I'll probably sum things up in a blog post soon, but until then I did some quick spreadsheet calculations this morning and came up with the following numbers from my 5½ year search effort:

Total Coins: 11,483,793
Total Dollar Amount: $1,978,511.75
Total Weight*: 127,750.68 pounds or 63.875 tons

(* I ignored the small fraction of coins that weren't the standard clad weight coins and multiplied the total number of each denomination by the clad weight, except for pennies. For pennies I used a weight of 2.620, which factored in 20% of the older coin weight.)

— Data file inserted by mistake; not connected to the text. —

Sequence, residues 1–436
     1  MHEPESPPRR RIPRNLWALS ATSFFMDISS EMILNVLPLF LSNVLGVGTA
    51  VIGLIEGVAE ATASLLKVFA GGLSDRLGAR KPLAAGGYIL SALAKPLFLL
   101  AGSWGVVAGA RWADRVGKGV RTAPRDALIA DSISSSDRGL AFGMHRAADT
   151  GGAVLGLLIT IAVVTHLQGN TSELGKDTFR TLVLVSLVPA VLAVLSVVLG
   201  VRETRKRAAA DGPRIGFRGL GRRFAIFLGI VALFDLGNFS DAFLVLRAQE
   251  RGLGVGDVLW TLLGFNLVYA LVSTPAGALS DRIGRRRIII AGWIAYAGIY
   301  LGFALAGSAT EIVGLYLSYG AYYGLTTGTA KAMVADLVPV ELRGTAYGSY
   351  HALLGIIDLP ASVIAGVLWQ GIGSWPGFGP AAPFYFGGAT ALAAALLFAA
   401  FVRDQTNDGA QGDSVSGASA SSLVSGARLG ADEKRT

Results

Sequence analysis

8,000 half dollars produced ten 40% silver halves (1965, 2 x 1967, 5 x 1968D, 2 x 1969D) and six proof halves (1971S, 1973S, 1977S, 1978S, 2 x 1979S).

8,750 pennies turned up ninety-eight Wheats, one hundred ten Canadians, two Euro 2¢, one Bermuda 1¢, one Zambia 1¢, one Canadian dime, twenty-six US dimes and one US nickel.

1917S, 1929, 1929S, 1930, 1934, 1935, 1936(2), 1938, 1939(2)